Now, the Bader Foundation and the three schools are funding a cooperative effort to train these schools’ staffs in the JECEI approach. This process began this past autumn and will last four years. (The Bader Foundation has funded the program for three years, in keeping with its usual practice, but Libber suggested it will give a grant for the fourth year.)
And it is particularly significant that the schools are working together on this project, said Libber.
“The biggest transformation is that [the schools’ leaders and staff members] now realize they are partners in the effort to get young Jewish families to send their children to Jewish preschools,” he said. “This is a model for other Jewish agencies that provide similar services in the Jewish community.”
Pioneer in Italy
JECEI’s approach is inspired largely by the Reggio Emilia philosophy of education. According to Diana Ganger, JECEI program director, this was developed in a region of Italy after World War II by Loris Malaguzzi, an anti-fascist partisan fighter.
Ganger said in a telephone interview that Malaguzzi wondered “how could it happen” that Italians would follow fascism. “What kind of education would produce people that do not think on their own?”
So Malaguzzi and a group of parents decided to create schools — today 33 of them in Italy, according to Ganger — that are “value based,” said Ganger. These values include cooperation, fostering children’s individuality and independent thinking, parental involvement, constant dialogue and research.
Ganger has a background in social work and is a native of Argentina who has lived in Israel. When she read about Reggio Emilia in the early 1990s, she said she was struck by how this approach is “so consonant with big Jewish ideas.”
But while JECEI’s approach is inspired by Reggio Emilia, “it is not a copycat,” said Ganger.
In fact, according to Rabbi Gedzelman of the Steinhardt Foundation, JECEI combines Reggio Emilia “with a Jewish values-based curriculum which emphasizes essential Jewish values and their terminology.”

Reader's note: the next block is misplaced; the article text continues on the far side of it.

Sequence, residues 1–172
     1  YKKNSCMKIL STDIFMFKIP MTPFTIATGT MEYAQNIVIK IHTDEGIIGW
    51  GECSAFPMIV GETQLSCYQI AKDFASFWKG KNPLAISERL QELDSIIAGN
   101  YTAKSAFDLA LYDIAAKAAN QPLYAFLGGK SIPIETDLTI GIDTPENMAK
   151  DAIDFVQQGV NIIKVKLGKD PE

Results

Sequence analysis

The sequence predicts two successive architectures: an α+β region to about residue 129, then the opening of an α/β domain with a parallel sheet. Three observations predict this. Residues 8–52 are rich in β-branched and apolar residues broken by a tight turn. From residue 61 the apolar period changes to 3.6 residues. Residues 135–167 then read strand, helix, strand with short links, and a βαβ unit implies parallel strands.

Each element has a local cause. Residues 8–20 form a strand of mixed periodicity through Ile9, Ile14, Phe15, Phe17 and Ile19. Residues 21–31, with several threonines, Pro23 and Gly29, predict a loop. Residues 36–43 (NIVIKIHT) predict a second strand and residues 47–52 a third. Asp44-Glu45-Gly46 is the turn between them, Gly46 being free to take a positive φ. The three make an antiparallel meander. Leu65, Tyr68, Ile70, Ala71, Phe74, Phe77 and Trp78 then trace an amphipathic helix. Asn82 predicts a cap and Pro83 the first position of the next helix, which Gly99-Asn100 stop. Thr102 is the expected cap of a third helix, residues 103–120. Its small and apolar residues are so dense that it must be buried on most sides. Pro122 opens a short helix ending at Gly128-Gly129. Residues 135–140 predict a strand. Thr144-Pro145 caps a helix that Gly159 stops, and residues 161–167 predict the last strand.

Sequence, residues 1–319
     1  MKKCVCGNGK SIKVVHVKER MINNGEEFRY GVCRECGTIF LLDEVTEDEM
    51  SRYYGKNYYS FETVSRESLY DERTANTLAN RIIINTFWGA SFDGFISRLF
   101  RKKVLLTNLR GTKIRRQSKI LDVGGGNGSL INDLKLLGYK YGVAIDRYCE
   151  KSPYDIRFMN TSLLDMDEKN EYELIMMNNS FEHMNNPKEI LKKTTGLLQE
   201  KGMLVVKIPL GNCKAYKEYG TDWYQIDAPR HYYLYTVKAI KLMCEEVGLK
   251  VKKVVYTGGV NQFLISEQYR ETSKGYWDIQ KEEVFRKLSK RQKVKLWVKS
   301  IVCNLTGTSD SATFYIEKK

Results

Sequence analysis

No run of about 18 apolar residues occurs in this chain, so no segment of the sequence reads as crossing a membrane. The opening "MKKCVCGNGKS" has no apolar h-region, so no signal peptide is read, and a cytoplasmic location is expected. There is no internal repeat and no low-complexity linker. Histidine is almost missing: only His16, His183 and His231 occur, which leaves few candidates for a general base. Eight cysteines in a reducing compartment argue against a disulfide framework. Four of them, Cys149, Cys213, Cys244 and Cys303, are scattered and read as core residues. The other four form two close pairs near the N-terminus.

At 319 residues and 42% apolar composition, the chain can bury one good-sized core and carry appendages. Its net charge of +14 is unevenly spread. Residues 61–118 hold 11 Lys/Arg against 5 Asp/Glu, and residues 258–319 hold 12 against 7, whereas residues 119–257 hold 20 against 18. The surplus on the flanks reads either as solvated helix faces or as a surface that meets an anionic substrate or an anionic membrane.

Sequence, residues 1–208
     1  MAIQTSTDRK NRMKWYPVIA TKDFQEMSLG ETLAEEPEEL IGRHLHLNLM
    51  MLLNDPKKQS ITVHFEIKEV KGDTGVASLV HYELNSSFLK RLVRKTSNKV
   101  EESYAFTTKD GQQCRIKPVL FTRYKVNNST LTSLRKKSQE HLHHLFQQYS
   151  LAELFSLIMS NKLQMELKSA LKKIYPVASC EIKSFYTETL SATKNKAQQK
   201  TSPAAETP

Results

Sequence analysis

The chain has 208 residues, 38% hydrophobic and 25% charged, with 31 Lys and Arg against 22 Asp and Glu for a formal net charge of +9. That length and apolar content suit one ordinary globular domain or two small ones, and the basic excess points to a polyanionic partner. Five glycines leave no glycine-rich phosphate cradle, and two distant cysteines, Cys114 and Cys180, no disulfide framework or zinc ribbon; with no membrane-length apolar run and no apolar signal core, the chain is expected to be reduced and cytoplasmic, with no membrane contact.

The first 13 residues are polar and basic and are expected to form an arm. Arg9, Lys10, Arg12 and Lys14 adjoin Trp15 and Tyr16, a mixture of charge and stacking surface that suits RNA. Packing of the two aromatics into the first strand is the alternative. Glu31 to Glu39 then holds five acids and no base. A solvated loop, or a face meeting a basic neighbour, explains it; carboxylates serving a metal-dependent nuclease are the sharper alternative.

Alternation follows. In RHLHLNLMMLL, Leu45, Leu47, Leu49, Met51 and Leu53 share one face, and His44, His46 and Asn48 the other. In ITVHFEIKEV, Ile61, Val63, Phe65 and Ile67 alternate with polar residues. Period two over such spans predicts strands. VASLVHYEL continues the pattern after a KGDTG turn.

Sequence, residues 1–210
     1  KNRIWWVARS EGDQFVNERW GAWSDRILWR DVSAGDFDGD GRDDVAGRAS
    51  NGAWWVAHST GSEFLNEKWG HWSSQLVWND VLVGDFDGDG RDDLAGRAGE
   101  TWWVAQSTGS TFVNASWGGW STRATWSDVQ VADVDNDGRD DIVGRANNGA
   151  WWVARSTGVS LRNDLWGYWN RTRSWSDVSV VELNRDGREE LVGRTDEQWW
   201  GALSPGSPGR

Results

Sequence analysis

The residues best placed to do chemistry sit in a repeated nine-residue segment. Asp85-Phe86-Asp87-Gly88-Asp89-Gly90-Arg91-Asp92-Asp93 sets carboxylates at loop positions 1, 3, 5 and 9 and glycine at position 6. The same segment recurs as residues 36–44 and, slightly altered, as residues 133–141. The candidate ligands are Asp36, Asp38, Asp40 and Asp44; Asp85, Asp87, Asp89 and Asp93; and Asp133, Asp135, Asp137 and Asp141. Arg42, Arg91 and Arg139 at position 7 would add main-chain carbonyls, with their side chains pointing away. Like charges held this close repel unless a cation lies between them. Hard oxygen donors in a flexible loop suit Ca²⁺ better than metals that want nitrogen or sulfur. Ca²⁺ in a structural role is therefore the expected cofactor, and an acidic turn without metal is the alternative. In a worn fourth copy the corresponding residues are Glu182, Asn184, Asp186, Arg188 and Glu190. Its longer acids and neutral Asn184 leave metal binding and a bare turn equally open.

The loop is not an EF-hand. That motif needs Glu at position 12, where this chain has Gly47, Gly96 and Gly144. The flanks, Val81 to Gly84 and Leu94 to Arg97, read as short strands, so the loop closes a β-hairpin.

JECEI, said Gedzelman, also adds something called Emotionally Responsive Practice, developed at Bank Street College in New York City.
According to the Web site for the college’s Center for Emotionally Responsive Practice, this seeks to integrate “preventive mental health practices into early childhood and early grade school programs so that young children experience school as a supportive, meaningful, learning environment.” This component “helps teachers to be sensitive to the emotional lives of children,” said Gedzelman.
Gedzelman said JECEI is in the “second phase” of development. The first began with research and development in the fall of 2004, and in 2005 moved to working with individual schools in various parts of the country.
The second phase involves working with communities of schools, and is being implemented in Denver as well as Milwaukee, Gedzelman said. To date, JECEI is working or has worked with about 20 schools across the country and is “reaching out to other communities and local funders,” said Gedzelman.
Moreover, last spring, JECEI did a survey of parents at five JECEI schools and at six non-JECEI schools in West Palm Beach, Fla. Gedzelman said the data “showed clearly that parents of the children in the JECEI schools were much more engaged Jewishly” than the parents in the other schools.
Two JECEI consultants — Naama Zoran and Lori Geismar-Ryan, both of whom report to Ganger — are working with the Milwaukee schools. In addition to providing consultants, JECEI holds retreats for professionals and lay leaders of schools, some locally, others nationally.
Both Spalter of Mequon Jewish Preschool and Goldfarb of Gan Ami are “very enthusiastic” about this work. (Devorah Shmotkin, director of Jewish Beginnings, did not return calls for an interview.)
“I know a lot about preschool education, but I don’t know a lot about how to make systems change,” said Goldfarb. “This is a systems change approach.”
And to Spalter, “We can’t say we are excellent and therefore we can relax. We must go to the next level.” JECEI “takes us to the next level.”
For more information, see the Web site www.jecei.org.